RUNNING TIME: 15:01

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Tuesday, March 13, 2007

GREENLIGHT #119: Wild Hogs (with "The Wild One" and "City Slickers")

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Ann and Les were certainly wild about Wild Hogs (2007) but not in a way that the producers might like. Well, to be fair, Les found this story of four middle-aged suburban men, played by William H. Macy, Tim Allen, Martin Lawrence, and John Travolta, who go on a cross country motorcycle tour as a way to combat their mid-life crises, funny enough in spots. But Ann, while acknowledging the tiniest bit of humor, was revolted by the sohpmoric writing and imbecilic stereotypes this movie perpetuates. She hated this film and is downright saddened that talented actors, particularly Macy and Travolta, would agree to participate in such trash. For their GREENLIGHT Rentals, Les recommends the film that made everyone want to do tough-guy motorcycle movies The Wild One (1953.) In this film Marlon Brando dons black leather from head-to-toe, rebels against "whatever you got," and makes it cool. He and his gang run roughshod over a small town and after getting stuck there by an injury and finding love in the wrong place (as far as the sheriff is concerned) they end-up doing battle with another formidable gang led by another tough-guy Lee Marvin. Ann recommends a film about middle-aged men facing mid-life crises who go on an adventure together that delights rather than insults. It's produced by and features a comically pitch-perfect performance by Billy Crystal along with Daniel Stern and Bruno Kirby and it's called City Slickers (1991.)
RUNNING TIME: 14:57

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Monday, March 12, 2007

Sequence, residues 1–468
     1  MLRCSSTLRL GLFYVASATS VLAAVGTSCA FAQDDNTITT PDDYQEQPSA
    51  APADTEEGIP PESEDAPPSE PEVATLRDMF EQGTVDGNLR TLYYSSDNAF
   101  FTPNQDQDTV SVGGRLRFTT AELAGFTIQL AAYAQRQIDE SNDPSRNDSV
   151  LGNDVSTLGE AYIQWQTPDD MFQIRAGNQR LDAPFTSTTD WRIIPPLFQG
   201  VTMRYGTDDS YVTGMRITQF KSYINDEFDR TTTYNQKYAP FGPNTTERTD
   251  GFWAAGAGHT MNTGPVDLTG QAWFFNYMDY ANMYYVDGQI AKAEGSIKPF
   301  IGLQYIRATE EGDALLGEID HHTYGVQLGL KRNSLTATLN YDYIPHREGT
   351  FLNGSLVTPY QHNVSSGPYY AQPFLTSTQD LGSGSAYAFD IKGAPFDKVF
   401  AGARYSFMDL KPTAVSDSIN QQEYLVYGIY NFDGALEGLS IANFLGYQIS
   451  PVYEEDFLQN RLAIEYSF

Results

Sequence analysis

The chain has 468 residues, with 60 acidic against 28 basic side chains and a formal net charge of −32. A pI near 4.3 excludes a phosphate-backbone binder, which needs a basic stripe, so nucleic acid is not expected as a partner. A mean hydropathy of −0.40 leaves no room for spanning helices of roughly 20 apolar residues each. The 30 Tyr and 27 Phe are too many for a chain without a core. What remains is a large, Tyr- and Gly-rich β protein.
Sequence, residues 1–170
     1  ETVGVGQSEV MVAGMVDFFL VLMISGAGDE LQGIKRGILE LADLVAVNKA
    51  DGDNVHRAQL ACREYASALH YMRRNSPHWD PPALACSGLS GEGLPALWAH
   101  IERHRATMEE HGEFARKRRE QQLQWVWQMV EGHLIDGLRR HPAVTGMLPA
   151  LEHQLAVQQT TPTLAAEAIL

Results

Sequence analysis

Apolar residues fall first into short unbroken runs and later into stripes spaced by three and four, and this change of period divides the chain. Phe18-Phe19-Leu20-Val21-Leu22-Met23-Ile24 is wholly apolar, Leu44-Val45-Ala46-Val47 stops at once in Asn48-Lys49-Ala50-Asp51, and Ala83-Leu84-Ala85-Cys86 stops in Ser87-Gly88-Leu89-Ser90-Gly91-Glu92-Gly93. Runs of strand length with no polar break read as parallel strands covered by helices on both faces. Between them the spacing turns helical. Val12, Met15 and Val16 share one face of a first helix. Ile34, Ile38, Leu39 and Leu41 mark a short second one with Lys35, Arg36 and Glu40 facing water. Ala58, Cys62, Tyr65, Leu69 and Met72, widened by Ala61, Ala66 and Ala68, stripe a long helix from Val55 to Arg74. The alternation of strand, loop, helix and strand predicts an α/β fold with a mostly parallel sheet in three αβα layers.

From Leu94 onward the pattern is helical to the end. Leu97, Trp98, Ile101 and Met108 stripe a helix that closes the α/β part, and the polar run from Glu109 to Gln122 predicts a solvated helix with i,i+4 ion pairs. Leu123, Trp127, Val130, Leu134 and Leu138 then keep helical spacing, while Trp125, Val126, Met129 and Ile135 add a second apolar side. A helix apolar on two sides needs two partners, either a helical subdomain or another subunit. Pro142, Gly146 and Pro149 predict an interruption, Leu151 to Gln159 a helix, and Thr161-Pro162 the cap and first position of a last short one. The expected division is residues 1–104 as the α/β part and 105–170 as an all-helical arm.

GREENLIGHT #118: Zodiac (with "Now Way to Treat a Lady" and "Boston Strangler")

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Ann and Les don't think there is much mysterious about why Zodiac (2007) isn't as good as it could be. It's too long. For almost three hours Jake Gyllenhall plays Robert Graysmith, the real-life San Fransisco reporter whose obsession in life was catching the Zodiac serial murderer of the 1960's and 70's - though he never does. The two cops who try to help him are played by Mark Ruffalo and Anthony Edwards who do a very thorough job of following-up on leads year-after-year. And that's the problem - it's written and performed well but it just goes on and on. However, Ann thought Robert Downey Jr. was such a delight to watch as the star reporter with the ignored drug problem (funny that RDJr. took on this role) that she forgave the usually tight director David Fincher his verbosity. For their GREENLIGHT Rentals, Les recommends a fabulous and funny movie about a serial killer called No Way to Treat a Lady (1957.) In it Rod Steiger plays a killer who is the master of disguise and each character is astonishing. So much so that one guy, played by Michael Dunn, tries to confess to the crimes just for the publicity. You'll hear why that's so funny. Ann also recommends a film about a serial killer but not because the movie is so great (and it's certainy not funny) but because it features such a surprisingly good dramatic performance by Tony Curtis. The story about how he won the part is worth the listen alone. And you'll also enjoy the work of Henry Fonda in Boston Strangler (1968.)